By Lily Garcia
Special to the Washington Post
Thursday, April 29, 2010; 2:04 PM
Hi Lily, I am going to be laid off at the end of this month, and currently we are helping the consultants who recommended the dissolution of our department (which I have spent the last four years building) to create material for the Web portal that will replace us. I have come to terms with the fact that the company would rather save money than retain a valuable (according to our colleagues) resource for the employees. The part that is really difficult for me now is that the consultants pretend to want our input, but it has become clear that they just want us to do what they tell us. These are the same people who lied to our faces and said we weren't going to be laid off when it was quite obvious that is where things were heading. I know I have to be cordial and businesslike, so I am, and today I realized I should just say, "no problem, we'll do that." It's just very upsetting because for the last eight years at this company, I have worked with people who respected our work and treated us professionally. I guess I've been lucky. I hope I can find the same kind of working environment in my next position.
As if the stress of an impending layoff is not enough, you must also deal with the indignity of creating the technical resource that will replace you. It is a bit like being sentenced to death and then forced to dig your own grave. Of course it is upsetting, on top of it all, to take direction from the very same people who so underestimated the value of your work that they thought you could be replaced by a website.
By the time this article is published, this difficult period of your employment will be nearly over. Although my advice regarding how to deal with your current situation may not be timely, I will affirm that you have done the right thing by letting go of your attachment to the work, swallowing your pride, and doing as the consultants ask. It would be foolish for you to potentially squander all of the good will that you have accumulated in your job over the past eight years by making a dramatic last stand against this inevitable transition. Keeping your composure until the end will enhance your reputation and pay off in the form of positive employment references and a stronger professional network.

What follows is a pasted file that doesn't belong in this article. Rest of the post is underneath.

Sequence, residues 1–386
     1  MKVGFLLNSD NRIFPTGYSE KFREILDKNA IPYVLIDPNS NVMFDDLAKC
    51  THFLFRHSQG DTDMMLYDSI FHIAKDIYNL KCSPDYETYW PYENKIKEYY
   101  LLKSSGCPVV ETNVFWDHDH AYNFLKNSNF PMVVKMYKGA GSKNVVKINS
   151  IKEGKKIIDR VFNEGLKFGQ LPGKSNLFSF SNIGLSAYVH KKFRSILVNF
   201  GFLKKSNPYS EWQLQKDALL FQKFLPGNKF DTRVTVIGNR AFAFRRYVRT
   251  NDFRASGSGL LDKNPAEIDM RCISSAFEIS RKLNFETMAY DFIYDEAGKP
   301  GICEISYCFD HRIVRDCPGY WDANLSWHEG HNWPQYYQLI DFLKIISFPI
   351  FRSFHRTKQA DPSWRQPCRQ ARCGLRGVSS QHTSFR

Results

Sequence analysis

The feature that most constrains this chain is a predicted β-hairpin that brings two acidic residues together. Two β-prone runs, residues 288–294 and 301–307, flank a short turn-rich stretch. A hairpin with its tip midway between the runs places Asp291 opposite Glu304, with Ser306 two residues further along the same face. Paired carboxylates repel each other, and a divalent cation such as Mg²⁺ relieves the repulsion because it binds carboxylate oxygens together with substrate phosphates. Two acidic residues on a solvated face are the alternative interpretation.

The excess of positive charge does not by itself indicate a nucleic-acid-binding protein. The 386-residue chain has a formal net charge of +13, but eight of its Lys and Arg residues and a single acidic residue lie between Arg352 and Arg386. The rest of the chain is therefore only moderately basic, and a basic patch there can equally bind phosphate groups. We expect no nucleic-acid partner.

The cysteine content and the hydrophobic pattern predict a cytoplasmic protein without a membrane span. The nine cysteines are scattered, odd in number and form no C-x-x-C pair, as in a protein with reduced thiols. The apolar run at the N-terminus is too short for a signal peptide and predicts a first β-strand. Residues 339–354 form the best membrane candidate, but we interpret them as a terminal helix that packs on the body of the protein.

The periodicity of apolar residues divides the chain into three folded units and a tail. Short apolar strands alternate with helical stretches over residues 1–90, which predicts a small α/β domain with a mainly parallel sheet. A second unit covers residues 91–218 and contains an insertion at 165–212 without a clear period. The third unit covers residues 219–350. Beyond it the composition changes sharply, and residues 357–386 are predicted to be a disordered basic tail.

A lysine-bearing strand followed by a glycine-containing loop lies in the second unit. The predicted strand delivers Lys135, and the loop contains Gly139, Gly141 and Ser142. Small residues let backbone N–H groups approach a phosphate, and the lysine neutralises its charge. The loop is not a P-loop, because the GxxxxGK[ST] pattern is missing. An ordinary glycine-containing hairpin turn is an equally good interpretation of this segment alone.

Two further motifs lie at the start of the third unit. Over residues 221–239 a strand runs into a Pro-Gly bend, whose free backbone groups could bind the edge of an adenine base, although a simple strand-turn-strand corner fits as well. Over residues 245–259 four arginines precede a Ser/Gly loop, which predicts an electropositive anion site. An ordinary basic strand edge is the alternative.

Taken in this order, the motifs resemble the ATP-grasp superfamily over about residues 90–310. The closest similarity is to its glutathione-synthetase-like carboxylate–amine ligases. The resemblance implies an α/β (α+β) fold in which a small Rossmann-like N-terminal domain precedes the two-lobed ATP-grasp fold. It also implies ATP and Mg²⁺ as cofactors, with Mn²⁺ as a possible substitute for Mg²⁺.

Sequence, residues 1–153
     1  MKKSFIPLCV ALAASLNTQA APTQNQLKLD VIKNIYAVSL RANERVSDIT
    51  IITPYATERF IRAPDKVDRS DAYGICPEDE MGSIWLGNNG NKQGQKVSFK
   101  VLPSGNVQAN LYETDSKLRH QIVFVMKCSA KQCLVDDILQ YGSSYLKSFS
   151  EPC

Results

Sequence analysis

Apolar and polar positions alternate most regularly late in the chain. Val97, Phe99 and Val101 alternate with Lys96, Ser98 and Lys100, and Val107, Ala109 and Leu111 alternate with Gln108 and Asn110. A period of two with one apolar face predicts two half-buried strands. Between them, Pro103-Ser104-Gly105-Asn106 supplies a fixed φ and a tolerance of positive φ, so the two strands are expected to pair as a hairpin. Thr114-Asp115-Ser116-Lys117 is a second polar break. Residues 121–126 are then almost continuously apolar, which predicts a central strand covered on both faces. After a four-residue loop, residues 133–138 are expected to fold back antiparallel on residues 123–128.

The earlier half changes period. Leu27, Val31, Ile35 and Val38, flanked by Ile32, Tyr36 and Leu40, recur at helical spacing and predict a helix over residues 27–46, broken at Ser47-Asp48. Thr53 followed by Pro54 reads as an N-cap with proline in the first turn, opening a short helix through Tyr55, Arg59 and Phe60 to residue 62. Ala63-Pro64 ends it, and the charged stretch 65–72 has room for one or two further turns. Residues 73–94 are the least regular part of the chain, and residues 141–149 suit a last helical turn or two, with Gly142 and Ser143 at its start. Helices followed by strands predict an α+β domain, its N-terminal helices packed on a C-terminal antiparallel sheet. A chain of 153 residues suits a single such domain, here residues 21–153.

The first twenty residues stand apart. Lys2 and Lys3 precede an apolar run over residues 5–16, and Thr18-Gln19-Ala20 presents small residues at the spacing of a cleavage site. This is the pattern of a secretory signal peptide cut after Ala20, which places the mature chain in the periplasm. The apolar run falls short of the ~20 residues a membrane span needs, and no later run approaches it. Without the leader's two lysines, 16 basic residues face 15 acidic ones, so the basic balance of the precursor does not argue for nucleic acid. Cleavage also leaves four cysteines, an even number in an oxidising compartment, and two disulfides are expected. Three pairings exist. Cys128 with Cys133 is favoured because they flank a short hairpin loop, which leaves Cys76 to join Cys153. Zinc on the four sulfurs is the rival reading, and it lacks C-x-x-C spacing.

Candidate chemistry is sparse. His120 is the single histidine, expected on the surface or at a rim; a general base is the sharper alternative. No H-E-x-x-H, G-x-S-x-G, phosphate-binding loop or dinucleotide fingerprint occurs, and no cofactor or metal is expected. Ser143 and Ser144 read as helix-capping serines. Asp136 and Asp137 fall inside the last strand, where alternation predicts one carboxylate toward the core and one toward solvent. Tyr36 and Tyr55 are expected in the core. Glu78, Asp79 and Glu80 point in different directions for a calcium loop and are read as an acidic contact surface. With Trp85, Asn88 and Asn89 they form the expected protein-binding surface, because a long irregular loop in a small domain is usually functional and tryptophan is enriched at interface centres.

As you begin the search for your next job, carefully dissect what you most enjoyed about the employer you are leaving behind and also what cautionary lessons you might take with you. Think about what previously made you feel so valued and respected and ask careful interview questions that test whether a prospective employer fosters this type of environment. But you should also reflect upon what signs you might have missed that could have alerted you to the layoff that you are now experiencing. Was it a change in corporate leadership, a downturn in profitability, an inevitable evolution in technology, or a combination of circumstances?
All institutions experience major cycles driven by internal and external factors that employees cannot control. No matter who you work for next, I can guarantee little else. Although you cannot stop these changes, and you certainly cannot predict the future, you can develop a keen intuition regarding the trajectory your organization is following and what this could mean for you. As a wise man once said, you don't need a weatherman to know which way the wind blows.
Lily Garcia has offered employment law and human resources advice to companies of all sizes for more than 10 years. To submit a question, e-mail HRadvice@washingtonpost.com. We reserve the right to edit submitted questions for length and clarity and cannot guarantee that all questions will be answered.